The thrust of all of this seems to be the following: the male and female figures on the left half of the vignette, which Joseph explains as representing Abraham and Pharaoh, engage quite directly the profferred fig. 5 from the right half of the vignette, which Joseph explains as representing Shulem, the servant of the king. The encounter is taking place, as it appears, at a sort of altar, across a sort of altar, as the servant hails the king enthroned (who is attended by his wife). All of these details, worked together into a broad interpretation, show this vignette to be, apparently, connected with fig. 7 of facsimile no. 2. There, a figure (whether dove or serpent, it is unclear) appears before the throne, crossing gazes with the enthroned one over an altar or offering table. The oddity of these details emerges with the insight that facsimile no. 1 offers some careful connections to the same figure in the second facsimile. This connection might be confirmed in an odd manner: the servant's name, Shulem, would be a good Semitic name meaning "Peace," perhaps suggesting that this figure ought to be interpreted in terms of the dove Joseph explains to be appearing to Abraham in fig. 7 of facsimile no. 2. In other words and in short, the event depicted in the hypocephalus seems to be the same event this entire third facsimile depicts. What that crossing of vignettes in the hypocephalus can mean must only be interpreted in the greater complex of the second facsimile.

Unanswered questions[edit]

This section is for questions along the lines of "I still don't understand ..." Please do not be shy. The point of these questions is to identify things that still need to be addressed on this page. Click the link above and to the right to edit or add content to this heading. →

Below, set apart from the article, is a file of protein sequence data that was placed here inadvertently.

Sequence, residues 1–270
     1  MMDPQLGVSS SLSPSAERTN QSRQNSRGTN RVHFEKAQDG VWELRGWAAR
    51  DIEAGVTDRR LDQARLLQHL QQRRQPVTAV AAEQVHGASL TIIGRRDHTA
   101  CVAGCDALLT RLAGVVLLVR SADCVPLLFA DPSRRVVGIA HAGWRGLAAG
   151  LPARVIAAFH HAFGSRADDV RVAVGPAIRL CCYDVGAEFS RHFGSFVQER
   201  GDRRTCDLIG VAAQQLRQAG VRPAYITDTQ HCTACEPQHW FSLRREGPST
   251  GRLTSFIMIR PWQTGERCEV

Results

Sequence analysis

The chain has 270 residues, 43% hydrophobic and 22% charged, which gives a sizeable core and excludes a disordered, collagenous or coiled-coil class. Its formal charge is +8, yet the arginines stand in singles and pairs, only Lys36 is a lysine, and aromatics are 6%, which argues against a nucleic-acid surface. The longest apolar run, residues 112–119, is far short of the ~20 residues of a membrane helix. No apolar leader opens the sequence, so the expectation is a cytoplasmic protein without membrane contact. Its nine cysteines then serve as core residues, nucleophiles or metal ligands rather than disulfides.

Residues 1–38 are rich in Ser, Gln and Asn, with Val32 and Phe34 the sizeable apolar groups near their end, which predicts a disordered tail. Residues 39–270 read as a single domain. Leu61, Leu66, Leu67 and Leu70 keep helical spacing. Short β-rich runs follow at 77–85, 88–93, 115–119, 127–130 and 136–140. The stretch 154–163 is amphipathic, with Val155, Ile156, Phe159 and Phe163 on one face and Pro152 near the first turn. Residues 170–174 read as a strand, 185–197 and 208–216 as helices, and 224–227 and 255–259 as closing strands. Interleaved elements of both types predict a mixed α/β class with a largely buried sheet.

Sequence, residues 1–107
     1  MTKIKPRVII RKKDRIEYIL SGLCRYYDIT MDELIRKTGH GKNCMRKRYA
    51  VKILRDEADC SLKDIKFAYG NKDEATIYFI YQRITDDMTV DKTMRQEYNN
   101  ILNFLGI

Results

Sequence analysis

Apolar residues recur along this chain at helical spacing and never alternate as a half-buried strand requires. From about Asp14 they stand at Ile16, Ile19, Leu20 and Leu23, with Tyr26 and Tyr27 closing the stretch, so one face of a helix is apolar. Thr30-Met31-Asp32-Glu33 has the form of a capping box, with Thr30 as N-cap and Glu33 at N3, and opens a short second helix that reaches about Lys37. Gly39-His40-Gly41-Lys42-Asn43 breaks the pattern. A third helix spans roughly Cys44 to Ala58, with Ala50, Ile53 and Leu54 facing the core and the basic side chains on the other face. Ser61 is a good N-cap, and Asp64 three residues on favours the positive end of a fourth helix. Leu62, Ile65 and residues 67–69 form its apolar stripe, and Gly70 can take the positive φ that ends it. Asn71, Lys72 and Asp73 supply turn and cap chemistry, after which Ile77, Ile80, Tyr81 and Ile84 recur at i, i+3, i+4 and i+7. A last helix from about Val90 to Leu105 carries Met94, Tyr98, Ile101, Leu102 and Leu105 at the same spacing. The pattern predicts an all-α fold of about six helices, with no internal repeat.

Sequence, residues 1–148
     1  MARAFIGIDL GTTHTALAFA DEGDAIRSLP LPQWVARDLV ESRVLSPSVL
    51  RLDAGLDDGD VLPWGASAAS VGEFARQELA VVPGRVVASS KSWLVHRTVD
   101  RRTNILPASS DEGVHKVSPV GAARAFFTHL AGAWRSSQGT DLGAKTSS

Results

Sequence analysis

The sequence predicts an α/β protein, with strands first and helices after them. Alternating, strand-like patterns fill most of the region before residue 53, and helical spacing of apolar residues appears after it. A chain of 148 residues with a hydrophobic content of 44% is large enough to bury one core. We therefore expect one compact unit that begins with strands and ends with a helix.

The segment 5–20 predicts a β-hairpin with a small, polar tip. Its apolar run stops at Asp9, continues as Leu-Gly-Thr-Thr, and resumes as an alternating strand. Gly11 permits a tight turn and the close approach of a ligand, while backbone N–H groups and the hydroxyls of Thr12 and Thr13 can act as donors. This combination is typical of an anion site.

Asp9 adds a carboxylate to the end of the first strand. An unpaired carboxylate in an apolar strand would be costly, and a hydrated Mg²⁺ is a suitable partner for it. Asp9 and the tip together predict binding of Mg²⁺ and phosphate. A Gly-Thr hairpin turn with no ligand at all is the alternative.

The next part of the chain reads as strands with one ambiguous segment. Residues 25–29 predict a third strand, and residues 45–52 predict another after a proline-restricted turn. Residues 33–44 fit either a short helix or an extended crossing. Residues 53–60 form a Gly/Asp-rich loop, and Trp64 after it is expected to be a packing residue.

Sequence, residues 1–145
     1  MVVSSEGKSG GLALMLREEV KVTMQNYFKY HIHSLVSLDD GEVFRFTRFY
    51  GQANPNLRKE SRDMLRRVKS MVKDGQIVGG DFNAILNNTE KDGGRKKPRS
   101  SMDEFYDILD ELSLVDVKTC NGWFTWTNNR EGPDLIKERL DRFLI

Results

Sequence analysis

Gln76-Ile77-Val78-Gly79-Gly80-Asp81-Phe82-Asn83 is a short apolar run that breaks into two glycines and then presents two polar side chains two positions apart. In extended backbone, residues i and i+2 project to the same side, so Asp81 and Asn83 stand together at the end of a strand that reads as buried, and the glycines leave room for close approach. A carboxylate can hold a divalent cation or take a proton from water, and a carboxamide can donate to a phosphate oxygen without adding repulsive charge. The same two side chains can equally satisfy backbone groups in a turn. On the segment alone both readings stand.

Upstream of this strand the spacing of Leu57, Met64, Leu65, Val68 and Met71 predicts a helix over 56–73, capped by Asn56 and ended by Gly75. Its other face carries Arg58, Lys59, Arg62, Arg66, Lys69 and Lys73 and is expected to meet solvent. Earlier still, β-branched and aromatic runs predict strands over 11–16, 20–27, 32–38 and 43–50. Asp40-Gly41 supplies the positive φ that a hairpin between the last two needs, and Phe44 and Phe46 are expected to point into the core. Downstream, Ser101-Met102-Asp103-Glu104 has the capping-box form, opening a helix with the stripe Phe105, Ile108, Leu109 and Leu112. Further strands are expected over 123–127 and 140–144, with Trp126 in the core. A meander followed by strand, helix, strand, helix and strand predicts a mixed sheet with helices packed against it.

Prompts for life application[edit]

This section is for prompts that suggest ways in which a passage can influence a person's life. Prompts may be appropriate either for private self reflection or for a class discussion. Click the link above and to the right to edit or add content to this heading. →

Prompts for further study[edit]

This section is for prompts that invite us to think about a passage more deeply or in a new way. These are not necessarily questions that beg for answers, but rather prompts along the lines of "Have you ever thought about ..." Prompts are most helpful when they are developed individually, thoughtfully, and with enough background information to clearly indicate a particular direction for further study or thought. Click the link above and to the right to edit or add content to this heading. →


This section is for listing links and print resources, including those that are also cited elsewhere on this page. A short comment about the particular strengths of a resource can be helpful. Click the link above and to the right to edit or add content to this heading. →


Footnotes are not required but are encouraged for factual assertions that average readers cannot easily evaluate for themselves (such as the date of King Solomon’s death or the nuanced definition of a Greek word). In contrast, insights rarely benefit from footnoting, and the focus of this page should always remain on the scriptures themselves rather than what someone has said about them. Links are actively encouraged on all sections of this page, and links to authoritative sources (such as Strong's Bible Concordance or the Joseph Smith Papers) are preferable to footnotes.

Previous page: Facsimile 2                              This is the last page for Abraham